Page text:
One of the most important teachings in Judaism is that of repentance. According to both Scripture and rabbinic literature, no matter how great the sin, if a person repents and forsakes the sin before God he can be forgiven. As we see in the case of John, Jesus, and all New Testament writers, repentance was always involved. The Jerusalem Talmud states, "nothing can stand before repentance" (Yebamos 47b). According to Dr. David Flusser, the Dead Sea Scrolls as well as the New Testament teach that water can purify the body only if the soul has first been purified through repentance and righteousness.

Water and Blood Both Illustrate God's Cleansing In Judaism

Both water and blood are used constantly in the Torah and the New Testament as the two main agents to illustrate God's cleansing. The Jews believe that uncleanness is not physical, but rather a spiritual condition as related in Leviticus 11:44 where it states by wrong actions one can make the "soul unclean." Therefore, the purification through ritual immersion, as commanded in Scripture is basically involved with the soul, rather than the body. Note how both water and blood are cited in Scripture: (1) Blood is used in cleansing in relation to the Passover Lamb (Exodus 12). (2) Blood is used in cleansing in relation to the Day of Atonement (Leviticus 16). (3) Blood is used in cleansing in relation to the Feast Offerings (Leviticus 23). (4) Blood is used in cleansing in relation to the five Levitical Offerings (Leviticus 1-7). (5) Blood is used in cleansing in relation to the atonement for the soul (Leviticus 17:11-14).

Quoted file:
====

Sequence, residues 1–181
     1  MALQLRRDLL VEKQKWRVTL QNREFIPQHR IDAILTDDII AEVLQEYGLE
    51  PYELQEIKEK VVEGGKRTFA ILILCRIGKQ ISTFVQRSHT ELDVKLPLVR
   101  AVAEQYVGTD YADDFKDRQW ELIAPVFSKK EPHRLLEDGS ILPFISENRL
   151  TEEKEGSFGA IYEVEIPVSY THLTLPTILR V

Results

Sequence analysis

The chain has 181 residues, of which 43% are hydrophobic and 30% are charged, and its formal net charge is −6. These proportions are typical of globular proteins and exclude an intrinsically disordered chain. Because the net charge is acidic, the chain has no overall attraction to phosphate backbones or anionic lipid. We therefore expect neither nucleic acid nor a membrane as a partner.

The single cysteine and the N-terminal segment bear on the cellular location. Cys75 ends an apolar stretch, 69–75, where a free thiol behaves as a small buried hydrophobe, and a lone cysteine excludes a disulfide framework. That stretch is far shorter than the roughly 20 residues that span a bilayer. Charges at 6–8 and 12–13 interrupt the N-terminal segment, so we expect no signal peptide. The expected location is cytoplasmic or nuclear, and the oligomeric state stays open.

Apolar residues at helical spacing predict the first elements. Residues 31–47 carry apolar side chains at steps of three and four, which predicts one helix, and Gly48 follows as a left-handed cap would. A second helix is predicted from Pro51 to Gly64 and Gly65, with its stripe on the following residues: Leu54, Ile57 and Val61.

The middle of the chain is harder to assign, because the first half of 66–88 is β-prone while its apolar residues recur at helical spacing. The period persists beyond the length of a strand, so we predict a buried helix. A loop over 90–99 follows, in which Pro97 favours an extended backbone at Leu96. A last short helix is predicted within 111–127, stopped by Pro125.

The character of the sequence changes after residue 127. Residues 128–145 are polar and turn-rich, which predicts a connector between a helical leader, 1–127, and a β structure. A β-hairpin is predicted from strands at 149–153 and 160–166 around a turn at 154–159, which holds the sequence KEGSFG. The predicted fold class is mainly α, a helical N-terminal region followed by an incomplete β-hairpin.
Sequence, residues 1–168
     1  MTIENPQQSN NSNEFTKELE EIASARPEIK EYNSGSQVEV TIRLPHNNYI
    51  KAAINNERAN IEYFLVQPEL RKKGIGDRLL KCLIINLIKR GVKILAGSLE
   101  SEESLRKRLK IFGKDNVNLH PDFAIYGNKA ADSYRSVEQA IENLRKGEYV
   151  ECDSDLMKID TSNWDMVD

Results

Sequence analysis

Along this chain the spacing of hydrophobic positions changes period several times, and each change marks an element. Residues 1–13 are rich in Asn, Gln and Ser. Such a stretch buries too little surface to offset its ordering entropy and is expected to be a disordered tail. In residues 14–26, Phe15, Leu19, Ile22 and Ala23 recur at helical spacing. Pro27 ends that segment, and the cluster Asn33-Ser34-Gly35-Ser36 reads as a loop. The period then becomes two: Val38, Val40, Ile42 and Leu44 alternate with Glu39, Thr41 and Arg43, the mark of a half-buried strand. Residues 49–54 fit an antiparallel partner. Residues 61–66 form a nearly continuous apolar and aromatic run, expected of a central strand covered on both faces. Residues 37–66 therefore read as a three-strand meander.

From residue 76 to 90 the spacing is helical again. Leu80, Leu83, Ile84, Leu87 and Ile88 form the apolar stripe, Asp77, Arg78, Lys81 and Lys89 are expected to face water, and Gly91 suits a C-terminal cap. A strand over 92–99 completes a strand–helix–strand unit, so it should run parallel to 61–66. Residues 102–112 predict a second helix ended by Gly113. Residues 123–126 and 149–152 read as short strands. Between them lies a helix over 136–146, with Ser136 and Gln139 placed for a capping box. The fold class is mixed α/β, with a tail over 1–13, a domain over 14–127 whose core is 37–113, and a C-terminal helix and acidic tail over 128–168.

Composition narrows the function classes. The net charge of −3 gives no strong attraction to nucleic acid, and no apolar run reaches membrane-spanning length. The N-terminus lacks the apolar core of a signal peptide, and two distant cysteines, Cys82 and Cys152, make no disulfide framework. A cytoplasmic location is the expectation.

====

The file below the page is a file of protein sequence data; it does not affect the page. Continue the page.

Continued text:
(1) Water is used in cleansing in relation to the separation and the ashes of the Red Heifer (Numbers 19). (2) Water is used in cleansing in relation to the consecration to priestly ministry (Leviticus 8:6). (3) Water is used in cleansing in relation to the cleansing of the leper (Leviticus 14:1-8). (4) Water is used in cleansing in relation to the different washings of the Law (Hebrews 9:10). (5) Water is used in relation to the remission of sins (Acts 2:38); Titus 3:5; Mark 16:16; Acts 22:16; Romans 6:3; I Peter 3:20-21; Ephesians 5:26; John 19:34; I John 5:6; Hebrews 9:19- 23).